How To: Measure UX Efficiency
As companies settle to online platforms, it is no longer a matter of just products/services’ properties and positioning that companies should consider investing into. The importance of UX/UI design can hardly be overstated when it comes to creating customer-friendly and efficient ecosystems for websites and apps. Design can build a bond with client, influence the decision making process.
That said the more essential UX becomes for digital products, the more crucial it gets to develop metrics to measure design efficiency. That’s where the scope of approaches leaves much room for experiments and unconventional points of view.
In this article, we’ll optimize our experience and common practices into a universally adjustable set of solutions. And before we jump to further detalization, it’s critical to set one thing straight. Any performance indicators, any metrics are futile unless you: a) can actually measure your chosen data, b) develop a system of goals to identify success. In his 2015 article, ex-google designer Kerry Rodden offered an easy-to-use toolkit of goal’s assessment Goals-Signals-Metrics:
Focusing on the outcome of UX design arouses a simple, yet significant question: what is the ultimate goal of this or that design feature? What is the feature’s global task? Not in terms of increasing any rates, but rather what it ensures content-wise, user-wise. However difficult it is to set the right goal for elements of UX design or product properties, it may be useful to star with global scope, and if necessary – break it down to simple task. It allows you to get a clearer image of results you desire to achieve and see the progress.
After you set your global goals, you have to identify the point where these goals are reached. Every goal should determine user behaviors that act as a signal for that particular goal. For example, whether visitors engage with Cadabra’s blog content, read this article to the end or even go deeper in blog. Considering you’re an app developer, a failure signal for your UX design can be browsing into general screens, but avoiding any call-to-action elements. These set of signals is bound to indicate behavior of users and allow adjustments on a more global scale. Whether your target audience is more likely to follow the custom website/app logic or bounces at some particular screen.
While there is a staggering number of potential signals you might implement, not all of them are actually relevant for your case. But once you fix the signals’ toolkit, it’s important to research how you can track them and analyze. One of the obvious outcomes of goal-signal-metrics approach is the possibility to adjust the UX design and increase efficiency. Bearing that in mind, signals should indicate the attributed performance regardless of changes in design.
Signals might seem an already comprehensive set of tools to value your goals. Yet, however useful, this data can be refined further. From failure/success system, you can deepen into details of the performance results. To analyze Cadabra blog’s engagement we might go from the number of articles read by visitor to percentage of articles unread per day.
Detailed or providing a more vague insight, Goal-Signal-Metrics approach is bound for just one thing – help you make a decision over creating or adjusting your UX design. Considering this task, you have to beware of excessive measuring detail and unnecessary large set of tools.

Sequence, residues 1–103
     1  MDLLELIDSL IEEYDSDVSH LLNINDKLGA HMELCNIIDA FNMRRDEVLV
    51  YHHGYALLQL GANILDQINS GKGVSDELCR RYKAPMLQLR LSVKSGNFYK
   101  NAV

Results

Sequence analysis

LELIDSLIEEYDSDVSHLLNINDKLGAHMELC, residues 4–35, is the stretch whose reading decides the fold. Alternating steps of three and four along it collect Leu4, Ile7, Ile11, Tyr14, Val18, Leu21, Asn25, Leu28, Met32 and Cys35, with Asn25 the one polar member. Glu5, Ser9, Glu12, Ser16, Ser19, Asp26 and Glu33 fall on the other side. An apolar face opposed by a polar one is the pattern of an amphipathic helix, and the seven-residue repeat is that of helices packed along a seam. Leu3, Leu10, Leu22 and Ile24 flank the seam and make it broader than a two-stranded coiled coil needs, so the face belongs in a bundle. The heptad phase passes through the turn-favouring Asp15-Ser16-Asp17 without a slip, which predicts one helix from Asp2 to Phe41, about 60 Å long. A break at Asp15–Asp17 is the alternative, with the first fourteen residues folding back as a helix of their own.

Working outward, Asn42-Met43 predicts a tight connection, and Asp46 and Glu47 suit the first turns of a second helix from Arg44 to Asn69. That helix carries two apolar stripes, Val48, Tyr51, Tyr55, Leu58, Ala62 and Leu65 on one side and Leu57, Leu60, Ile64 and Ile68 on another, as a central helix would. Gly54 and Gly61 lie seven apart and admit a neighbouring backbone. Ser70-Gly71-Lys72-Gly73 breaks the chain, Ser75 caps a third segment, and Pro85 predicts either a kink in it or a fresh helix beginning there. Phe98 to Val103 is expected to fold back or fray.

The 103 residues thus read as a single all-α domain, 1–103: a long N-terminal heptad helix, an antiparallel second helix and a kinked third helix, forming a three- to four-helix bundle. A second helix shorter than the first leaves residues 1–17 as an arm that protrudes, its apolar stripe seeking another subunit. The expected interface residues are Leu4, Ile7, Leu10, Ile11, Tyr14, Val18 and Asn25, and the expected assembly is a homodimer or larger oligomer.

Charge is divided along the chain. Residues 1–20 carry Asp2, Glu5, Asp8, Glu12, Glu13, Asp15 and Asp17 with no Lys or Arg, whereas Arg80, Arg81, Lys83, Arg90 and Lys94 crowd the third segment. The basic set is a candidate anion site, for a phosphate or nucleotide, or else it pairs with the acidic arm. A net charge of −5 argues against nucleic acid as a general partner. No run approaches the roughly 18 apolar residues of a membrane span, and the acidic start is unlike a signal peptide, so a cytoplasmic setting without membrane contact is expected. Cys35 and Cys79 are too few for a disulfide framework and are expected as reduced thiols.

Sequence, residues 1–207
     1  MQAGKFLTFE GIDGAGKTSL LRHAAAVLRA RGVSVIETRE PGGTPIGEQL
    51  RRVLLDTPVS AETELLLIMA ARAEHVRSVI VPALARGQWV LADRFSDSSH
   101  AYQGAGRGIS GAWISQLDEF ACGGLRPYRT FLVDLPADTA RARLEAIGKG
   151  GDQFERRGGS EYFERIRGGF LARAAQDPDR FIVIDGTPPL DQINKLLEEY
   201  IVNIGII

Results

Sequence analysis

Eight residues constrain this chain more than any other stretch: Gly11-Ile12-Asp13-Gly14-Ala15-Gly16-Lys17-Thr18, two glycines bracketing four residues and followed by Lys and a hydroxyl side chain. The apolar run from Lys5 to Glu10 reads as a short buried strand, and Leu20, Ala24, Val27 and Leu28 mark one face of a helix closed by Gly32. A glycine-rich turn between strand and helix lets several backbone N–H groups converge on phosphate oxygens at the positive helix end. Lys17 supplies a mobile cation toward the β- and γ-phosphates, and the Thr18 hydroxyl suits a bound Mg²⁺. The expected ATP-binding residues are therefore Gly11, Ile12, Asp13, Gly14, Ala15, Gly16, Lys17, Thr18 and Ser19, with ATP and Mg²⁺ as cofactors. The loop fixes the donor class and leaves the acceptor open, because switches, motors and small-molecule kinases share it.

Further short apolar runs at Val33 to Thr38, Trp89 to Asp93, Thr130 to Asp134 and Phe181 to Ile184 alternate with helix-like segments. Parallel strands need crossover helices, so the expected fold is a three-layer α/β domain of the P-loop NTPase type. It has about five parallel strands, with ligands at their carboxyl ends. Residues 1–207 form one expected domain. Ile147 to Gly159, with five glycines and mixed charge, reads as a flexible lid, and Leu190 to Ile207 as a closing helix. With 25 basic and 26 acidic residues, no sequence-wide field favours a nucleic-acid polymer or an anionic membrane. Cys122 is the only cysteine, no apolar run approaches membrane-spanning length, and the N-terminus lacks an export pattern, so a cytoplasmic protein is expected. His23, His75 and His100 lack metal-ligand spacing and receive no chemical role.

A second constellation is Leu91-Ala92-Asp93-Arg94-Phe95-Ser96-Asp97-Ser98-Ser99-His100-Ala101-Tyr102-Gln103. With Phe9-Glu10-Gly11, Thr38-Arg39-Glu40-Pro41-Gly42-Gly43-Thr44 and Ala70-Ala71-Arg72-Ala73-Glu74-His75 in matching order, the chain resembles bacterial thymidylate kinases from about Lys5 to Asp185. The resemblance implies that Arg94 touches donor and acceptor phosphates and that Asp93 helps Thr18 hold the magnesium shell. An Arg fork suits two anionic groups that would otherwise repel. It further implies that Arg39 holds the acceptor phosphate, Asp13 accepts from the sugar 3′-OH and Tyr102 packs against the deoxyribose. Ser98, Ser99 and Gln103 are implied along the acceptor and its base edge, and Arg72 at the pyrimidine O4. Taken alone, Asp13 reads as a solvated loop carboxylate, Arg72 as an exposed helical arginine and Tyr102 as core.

Now that we set critical conditions for adequate UX design evaluation, it’s important to outline 3 main types of methods we utilize for measuring UX efficiency:
Today we will focus on two major methods: Customer/client behavior and Financial. This will give you an essential grasp of how you should maintain control over your UX design. We’ll cover marketing metrics for UX evaluation in one of our next articles.
Tracking user’s behavior
Obviously enough, the easiest and most logical way to evaluate any design or implemented feature is to receive feedback from the target audience. Whether it’s a matter of subjective reviews in form of surveys or actual user data. While you might tend to disregard subjective data as misleading or divisive, a well-crafted survey can point out the flaws in UX elements. It’s by no means an ideal tool, but rather a valuable add-on.
What is much more important, when you build your KPI (Key performance indicators), is to balance both objective and subjective data. You cannot make decisions solely on numbers or indicators; you need impressions to make a coherent analysis. For example, your site stats show you how users avoid a certain tab when browsing the site, yet this information is useless, unless you consider users’ direct opinions, to eliminate any bias.
Essentially, to keep the balance of measurement and analysis, there are two main levels of UX metrics, KPI’s: low and high levels. Common low level metrics are those traceable indicators include:
Pageviews is the number of pages viewed by a unique user
Uptime is the percentage of time the website or app is accessible to users
Latency is the amount of time it takes site or app to response user’s action
Bounce rate is percentage of a single-page sessions on your site
Daily active users is the amount of unique users interacting with the site or app within one day
Opponents of the traditional low level metrics claim that this approach can and should be adopted to the manipulative internet reality. We’ve chosen 3 of the interesting enhancements proposed. Listed below, they are intended to provide a deeper insight into user’s interaction with site or app:
Similar to bounce rate, this metrics is more targeted as it tracks bounces not over one particular, but different pages, creating a route of user’s pageviews, before user decides to go back to where he started the site or app experience.
Engaged pageviews per visit